IRIS. Winter (then will be again spring)

Italiano (Italian)

solo exhibition by Michela Cavagna
curated by Irene Finiguerra
project by BI-BOx – APS
the exhibition is part of Viaggio. Orizzonti, frontiere, generazioni.
in collaboration with StileLibero and Palazzo Ferrero – Miscele culturali
with the contribution of Fondazione Cassa di Risparmio di Biella
 April 29 – May 30 2021

Art gallery BI-BOx, Palazzo Ferrero – Corso del Piazzo, 29 a Biella
friday 3PM to 9PM
saturday from 10AM to 7PM by appointment.
Free entrance
infos and appointments: info@palazzoferrero.it  +39 388 5647455

“In my garden I have planted bulbs of iris. Every year without caring at them too much, they give me magnificent blooms … one day, observing in the morning a lump of leaves lying on the frosty, frozen ground, I started to think about the transformation of nature during winter time. I began to think about the life cycle of plants, at the transformation from humus to new life the following year, at the time of gestation and rebirth”.

An implicit reference to the time that humanity is going through. This is how Michela Cavagna talks about her xilographic works on Kozo paper, a tribute to Japanese culture that often interprets the seasons and their change over time, where silence and emptiness are rich in interpretations for the observer. References to the aesthetic and ethical principles of Japanese culture are made explicit in the use of the mokuhanga prints and also in the use of the technique of sashiko for mending paper. The BORO technique is based on the reuse of old mended fabrics to create new garments, it values imperfection, sobriety, the sense of circularity, in this way she refers to the concept of rebirth. Why precisely iris and why resorting to an ancient technique? The answer is in the sophisticated research, reflection and investigation that Michela Cavagna imposes on herself and her creativity, before producing an artistic artefact. Iris are also revered for their healing properties, used in cosmetics and phytotherapy. Iris is a symbol of longevity in the Christian religion, an emblem of the heroic deeds of the Japanese nobility, medical powder in ancient Egypt. In the works of Michela these flowers get the value of a cure, an active attitude of trust and in a recovery of a normality in which after the pandemic we will certainly have changed if we know how to investigate ourselves. The words she embroiders in her mokuhanga works are positive suggestions of pacification, serenity, respect for the times of nature, also giving value to silences as times full of contemplation and the scent of flowers. References to the aesthetic and ethical principles of Japanese culture are due to the use of an ancient tradition to tell the story of today, in a daily life that must be increasingly sustainable to ensure the beauty of creation.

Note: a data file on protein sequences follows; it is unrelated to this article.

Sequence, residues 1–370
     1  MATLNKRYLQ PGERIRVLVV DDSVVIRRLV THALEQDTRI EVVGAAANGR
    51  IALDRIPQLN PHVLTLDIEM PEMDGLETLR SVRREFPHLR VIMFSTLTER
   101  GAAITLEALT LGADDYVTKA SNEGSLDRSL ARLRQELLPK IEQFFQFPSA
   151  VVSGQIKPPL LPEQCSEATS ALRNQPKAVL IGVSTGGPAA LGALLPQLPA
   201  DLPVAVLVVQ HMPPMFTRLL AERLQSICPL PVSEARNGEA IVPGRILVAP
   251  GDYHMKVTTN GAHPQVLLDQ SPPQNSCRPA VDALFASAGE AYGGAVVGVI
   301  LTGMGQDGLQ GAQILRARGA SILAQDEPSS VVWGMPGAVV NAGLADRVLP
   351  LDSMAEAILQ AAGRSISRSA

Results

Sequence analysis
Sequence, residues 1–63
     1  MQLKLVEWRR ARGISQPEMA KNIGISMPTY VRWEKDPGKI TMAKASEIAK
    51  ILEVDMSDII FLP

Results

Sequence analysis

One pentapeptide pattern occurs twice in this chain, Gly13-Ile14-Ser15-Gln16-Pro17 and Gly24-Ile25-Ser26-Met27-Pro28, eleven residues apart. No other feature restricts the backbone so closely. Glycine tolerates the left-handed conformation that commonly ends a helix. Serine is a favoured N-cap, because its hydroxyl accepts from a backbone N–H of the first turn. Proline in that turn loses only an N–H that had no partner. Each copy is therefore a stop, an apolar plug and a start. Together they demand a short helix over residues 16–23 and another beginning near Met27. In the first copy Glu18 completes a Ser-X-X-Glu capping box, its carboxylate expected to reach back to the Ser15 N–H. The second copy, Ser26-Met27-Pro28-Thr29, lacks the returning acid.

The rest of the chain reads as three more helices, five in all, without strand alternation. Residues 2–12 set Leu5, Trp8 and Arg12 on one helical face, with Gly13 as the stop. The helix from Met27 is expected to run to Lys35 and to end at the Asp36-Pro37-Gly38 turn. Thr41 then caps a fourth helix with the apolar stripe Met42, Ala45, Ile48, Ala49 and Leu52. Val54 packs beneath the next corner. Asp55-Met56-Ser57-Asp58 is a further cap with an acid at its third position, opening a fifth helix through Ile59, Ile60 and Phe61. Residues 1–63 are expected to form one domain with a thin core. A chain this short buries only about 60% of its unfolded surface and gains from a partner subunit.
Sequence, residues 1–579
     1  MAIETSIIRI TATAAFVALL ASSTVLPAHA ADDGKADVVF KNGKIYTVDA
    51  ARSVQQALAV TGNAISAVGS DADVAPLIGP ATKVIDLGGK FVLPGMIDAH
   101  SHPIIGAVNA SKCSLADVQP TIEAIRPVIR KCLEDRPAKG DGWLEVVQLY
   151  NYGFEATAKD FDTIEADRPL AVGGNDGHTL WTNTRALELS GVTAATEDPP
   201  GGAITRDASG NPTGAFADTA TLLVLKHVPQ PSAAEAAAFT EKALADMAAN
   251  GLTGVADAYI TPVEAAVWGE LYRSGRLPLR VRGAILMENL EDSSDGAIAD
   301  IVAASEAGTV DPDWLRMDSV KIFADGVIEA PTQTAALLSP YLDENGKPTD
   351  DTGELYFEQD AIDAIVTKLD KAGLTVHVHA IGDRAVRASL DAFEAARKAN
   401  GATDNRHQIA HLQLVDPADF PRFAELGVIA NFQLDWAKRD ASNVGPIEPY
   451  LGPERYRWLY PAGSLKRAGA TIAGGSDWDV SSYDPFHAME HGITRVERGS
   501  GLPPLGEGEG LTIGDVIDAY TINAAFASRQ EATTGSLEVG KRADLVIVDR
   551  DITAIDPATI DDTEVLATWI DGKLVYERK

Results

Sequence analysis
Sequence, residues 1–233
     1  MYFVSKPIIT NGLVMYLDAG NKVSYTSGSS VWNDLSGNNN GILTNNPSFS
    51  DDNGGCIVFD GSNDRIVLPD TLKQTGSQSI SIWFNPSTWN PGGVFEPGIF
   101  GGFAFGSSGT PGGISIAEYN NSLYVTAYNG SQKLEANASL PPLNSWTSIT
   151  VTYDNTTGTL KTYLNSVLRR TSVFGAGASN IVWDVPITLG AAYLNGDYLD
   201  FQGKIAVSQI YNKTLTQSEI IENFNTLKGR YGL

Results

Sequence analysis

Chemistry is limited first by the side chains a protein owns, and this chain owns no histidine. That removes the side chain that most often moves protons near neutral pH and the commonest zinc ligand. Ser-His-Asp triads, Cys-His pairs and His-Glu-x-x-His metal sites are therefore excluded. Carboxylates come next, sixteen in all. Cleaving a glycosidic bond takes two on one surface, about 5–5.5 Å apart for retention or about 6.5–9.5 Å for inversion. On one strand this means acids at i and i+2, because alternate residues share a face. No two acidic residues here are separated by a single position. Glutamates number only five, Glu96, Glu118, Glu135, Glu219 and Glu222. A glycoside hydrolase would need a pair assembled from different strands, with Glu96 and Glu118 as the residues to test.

About the technique.

Mokuhanga (from Japanese: “moku” wood, “han” print, “ga” image) is the traditional Japanese hand printing technique that uses woodblock printing with water-based colors. It is distinguished from the linocut technique.
This traditional technique is an evolution of the previous forms found in China and Korea and finds its maximum expression in the Edo period (1603-1867). The works on paper created by Michela Cavagna follow a logic – the size, the use of the printing technique and color – inspired by the ancient tradition of Ukiyo-e.
The washi paper and the rice paper have an exceptional resistance to the water, so the technique is combined with the material ready to accept the decisive pressures given by the rubbing of the baren (the tool used with the strength of the hands and circular movements to imprint the color on the paper).
The print is fixed by a mix of color and special paste called “nori”. In particular, the “blue prints” (aizurie) made using exclusively the blue color and its shades of tone, is a technique used starting from the Kansei period (1791-1801) when a law delimited the use of colours to help the diffusion of “Prussian Blue” from Europe. Finally, a mention of the prints’ size.
They refer to the most used measures in that period: aiban (print size 20×30 approximately); koban (small print); nagaban (long prints); ōban (large print); shikishiban (square print).

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